As Thursday’s OU Board of Regents meeting to consider the selection of the next OU president approaches, OU community members and experts say another potential presidential search should be more transparent.
At an event on Wednesday, Suzette Grillot, OU professor and former dean of the College of International Studies said the transparency she and others asked for in the previous search is necessary now.
“The best outcomes come from decisions that have been evaluated and scrutinized from a variety of perspectives,” Grillot said. “This is not about Gallogly versus Boren — because we asked for openness (during the 2018 presidential search) because of President Boren.”
Frank LoMonte, a University of Florida employee who has authored several pieces of research on the importance of transparency in the search for college presidents, said OU is now seeing the negative effects of last year’s secretive search.
“I think you’re seeing the consequences of a closed search in the Gallogly administration in several ways,” LoMonte said. “When you hire somebody in a completely secretive process, you start that person off from a disadvantaged position of distrust with the community. When you are a student or faculty member or alumnus and the president is sprung on you by surprise, without any buy-in, you don’t feel invested in that president.”
LoMonte said a successful search relies heavily on the community’s ability to engage with and assess how the possible candidates interact with their community before a hiring decision is made.
“In a well-designed process, the finalists come to campus and the people build some sense of rapport and understanding and that gives the successful candidate a foundation of trust to build upon,” LoMonte said. “I think (Gallogly) stepped into the batter's box with two strikes on him because of the way that he was selected.”
LoMonte said he understands the need for some secrecy in a presidential search, and said it is common when the pool of candidates remains large. But when the search nears its conclusion, LoMonte said, secrecy is not ultimately beneficial.
“When you get down to those last 3 or 4 people,” LoMonte said, “it is absolutely imperative you bring them on the campus and get them familiar with the job, and allow people on campus to get comfortable with them.”
Cameron Burleson, former SGA Vice President and current OU law student who served on the Gallogly search committee, agrees the process should be amended.
“The next process, once they narrow it down to a few candidates, has to be public,” Burleson said. “There has to be some kind of forum where students can come and speak with the candidates.”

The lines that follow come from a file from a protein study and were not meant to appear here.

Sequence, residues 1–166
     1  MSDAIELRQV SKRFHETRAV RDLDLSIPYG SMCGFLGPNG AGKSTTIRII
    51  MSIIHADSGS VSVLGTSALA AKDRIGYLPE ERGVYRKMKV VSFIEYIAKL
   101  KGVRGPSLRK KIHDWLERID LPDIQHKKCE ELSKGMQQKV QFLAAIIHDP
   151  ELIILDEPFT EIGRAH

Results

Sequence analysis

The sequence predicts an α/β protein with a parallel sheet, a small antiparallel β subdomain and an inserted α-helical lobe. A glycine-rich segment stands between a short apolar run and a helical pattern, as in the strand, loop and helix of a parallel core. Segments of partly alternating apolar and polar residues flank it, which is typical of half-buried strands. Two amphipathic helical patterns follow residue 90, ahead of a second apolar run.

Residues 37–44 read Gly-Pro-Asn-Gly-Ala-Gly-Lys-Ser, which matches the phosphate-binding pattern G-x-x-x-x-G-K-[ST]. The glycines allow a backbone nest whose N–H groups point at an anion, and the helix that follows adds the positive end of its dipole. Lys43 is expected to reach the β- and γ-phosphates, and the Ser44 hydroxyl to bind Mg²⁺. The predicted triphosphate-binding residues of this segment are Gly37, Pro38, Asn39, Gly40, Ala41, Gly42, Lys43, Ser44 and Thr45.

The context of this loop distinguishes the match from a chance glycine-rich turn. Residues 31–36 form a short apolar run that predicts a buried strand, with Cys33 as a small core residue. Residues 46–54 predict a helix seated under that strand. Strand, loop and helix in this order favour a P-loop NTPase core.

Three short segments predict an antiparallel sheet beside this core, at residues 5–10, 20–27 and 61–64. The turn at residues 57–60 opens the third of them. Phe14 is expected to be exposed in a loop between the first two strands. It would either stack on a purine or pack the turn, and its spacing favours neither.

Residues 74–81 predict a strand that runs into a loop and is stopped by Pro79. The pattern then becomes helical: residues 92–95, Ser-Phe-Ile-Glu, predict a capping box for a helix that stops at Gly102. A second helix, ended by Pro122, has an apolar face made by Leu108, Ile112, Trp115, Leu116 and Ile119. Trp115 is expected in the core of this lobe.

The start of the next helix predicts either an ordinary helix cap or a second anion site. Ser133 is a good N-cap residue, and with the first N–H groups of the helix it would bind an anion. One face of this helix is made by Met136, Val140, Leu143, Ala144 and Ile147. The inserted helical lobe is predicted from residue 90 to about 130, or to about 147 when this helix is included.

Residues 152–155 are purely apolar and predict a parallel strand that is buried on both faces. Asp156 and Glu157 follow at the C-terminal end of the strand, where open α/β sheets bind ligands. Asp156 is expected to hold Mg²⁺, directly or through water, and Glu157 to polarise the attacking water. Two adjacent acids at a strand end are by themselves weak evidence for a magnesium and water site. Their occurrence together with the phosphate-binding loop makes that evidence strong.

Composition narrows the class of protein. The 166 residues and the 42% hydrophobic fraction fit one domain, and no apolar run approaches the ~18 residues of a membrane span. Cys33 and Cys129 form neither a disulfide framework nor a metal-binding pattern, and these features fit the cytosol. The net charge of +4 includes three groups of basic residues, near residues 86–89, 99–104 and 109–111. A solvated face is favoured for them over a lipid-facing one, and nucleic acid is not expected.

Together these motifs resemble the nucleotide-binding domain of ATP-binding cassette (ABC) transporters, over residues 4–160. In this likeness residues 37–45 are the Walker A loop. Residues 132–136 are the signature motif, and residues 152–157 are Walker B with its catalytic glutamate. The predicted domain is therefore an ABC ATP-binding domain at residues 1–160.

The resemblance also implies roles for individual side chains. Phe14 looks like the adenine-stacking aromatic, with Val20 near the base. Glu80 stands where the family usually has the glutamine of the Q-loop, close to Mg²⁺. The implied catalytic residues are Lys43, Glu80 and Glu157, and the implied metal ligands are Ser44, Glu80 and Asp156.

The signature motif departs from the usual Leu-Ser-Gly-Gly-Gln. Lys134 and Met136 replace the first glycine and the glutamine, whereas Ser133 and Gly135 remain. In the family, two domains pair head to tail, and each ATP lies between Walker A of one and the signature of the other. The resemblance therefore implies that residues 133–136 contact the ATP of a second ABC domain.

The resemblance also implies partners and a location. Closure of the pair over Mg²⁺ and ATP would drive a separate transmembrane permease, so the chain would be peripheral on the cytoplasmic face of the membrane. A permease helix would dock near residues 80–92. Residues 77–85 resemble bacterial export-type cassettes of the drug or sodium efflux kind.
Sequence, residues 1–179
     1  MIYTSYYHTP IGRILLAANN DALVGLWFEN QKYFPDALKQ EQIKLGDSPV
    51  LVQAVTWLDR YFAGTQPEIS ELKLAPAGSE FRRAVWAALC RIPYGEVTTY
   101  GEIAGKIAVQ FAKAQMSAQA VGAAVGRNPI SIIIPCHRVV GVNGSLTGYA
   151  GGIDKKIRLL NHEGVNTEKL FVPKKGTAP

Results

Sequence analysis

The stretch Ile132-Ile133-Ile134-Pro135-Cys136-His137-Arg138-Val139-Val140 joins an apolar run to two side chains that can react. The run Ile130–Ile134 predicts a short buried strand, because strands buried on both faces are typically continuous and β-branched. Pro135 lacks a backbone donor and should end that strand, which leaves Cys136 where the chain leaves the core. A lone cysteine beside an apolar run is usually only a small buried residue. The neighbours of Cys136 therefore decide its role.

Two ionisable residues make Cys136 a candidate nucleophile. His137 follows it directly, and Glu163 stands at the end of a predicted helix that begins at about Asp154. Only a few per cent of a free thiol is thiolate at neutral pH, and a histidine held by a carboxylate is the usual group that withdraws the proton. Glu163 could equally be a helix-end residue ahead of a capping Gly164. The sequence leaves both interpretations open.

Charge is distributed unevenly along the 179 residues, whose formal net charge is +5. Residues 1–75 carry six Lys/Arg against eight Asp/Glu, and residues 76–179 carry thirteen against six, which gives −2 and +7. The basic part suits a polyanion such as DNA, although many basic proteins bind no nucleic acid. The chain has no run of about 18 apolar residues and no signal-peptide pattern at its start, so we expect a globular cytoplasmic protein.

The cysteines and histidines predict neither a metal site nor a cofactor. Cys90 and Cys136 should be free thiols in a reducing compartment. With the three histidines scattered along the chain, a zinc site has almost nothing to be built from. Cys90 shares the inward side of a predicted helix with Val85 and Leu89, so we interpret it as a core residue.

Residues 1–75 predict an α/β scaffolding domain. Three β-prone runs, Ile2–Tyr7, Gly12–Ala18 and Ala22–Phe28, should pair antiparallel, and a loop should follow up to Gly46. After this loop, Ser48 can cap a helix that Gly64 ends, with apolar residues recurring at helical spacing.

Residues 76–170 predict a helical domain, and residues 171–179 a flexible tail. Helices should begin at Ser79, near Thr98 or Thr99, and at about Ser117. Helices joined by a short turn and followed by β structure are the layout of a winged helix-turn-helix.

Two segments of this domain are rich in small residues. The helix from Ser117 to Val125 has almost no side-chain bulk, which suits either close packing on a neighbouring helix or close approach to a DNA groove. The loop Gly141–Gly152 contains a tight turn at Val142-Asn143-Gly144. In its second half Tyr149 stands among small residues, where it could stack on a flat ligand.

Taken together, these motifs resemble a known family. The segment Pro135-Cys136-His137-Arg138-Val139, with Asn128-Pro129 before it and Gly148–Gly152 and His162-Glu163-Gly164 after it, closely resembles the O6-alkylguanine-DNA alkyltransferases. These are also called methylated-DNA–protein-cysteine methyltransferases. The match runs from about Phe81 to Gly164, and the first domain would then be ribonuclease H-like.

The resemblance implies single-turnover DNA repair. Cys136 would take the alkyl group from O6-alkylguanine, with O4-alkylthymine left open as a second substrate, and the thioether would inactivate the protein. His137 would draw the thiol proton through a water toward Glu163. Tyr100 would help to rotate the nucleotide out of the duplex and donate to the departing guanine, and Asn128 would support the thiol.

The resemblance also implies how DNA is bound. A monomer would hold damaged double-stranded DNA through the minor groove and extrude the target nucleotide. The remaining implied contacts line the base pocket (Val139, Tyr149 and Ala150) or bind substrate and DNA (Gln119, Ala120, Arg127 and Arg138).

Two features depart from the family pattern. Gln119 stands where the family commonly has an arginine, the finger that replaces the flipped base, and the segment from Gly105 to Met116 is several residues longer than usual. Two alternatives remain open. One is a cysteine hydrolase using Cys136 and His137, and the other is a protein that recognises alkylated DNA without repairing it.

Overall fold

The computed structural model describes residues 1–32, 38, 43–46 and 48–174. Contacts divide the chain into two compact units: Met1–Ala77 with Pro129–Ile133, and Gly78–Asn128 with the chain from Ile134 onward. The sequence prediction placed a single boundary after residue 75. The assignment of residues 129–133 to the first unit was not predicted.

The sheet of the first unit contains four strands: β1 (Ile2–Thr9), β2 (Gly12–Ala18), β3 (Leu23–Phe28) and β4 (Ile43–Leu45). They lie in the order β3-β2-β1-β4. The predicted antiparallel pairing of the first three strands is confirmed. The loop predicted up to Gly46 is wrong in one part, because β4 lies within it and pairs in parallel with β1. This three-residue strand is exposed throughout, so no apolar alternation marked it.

Burleson said he thought last year’s process overall was fair from within, but realized after seeing the dynamic between Gallogly and students that an open process would help reduce strain on the student-president relationship.
“The problem is once the process was ended and President Gallogly was chosen, and I saw the interaction between the president and the student body, there was such a rift because of that closed process,” Burleson said. “When I saw that I realized there is just no other avenue you can take besides ensuring students and faculty have a say.”
A common point supporters of a closed search make does not hold up when the candidate pool is narrowed down, LoMonte said.
“The argument the search firms always make is people won't compete for these presidencies because they’re afraid word may get back to their home campuses. That makes sense when you’re at the pool of 100 people, 50 people,” LoMonte said.
LoMonte added that if a search is fully exploring the candidates’ backgrounds, people who have worked with the candidate previously are already likely aware of his or her candidacy.
“When you’re at the pool of three people there is no way that word hasn't already gotten back to their home campuses, because if you're going to say that nobody at the home campus of those three finalists has been told about the candidacy, then that means no background check was done with the current employer,” LoMonte said.
At Wednesday’s event, Daniel Dukes, a former OU staff member, said the Board of Regents cannot afford another failed search following the backlash against the secrecy of last year’s search.
“Regents, you’ve been given a rare do-over,” Dukes said, asking the regents to be more transparent and forward-thinking as they consider possible candidates for OU’s next president.
LoMonte also said the regents should approach this presidential selection differently.
“Having failed the first time,” LoMonte said, “I think it would be insanity to do it the same way the second time....They ought to be bending over backwards to be doubly transparent now, because you can't afford to get this one wrong.”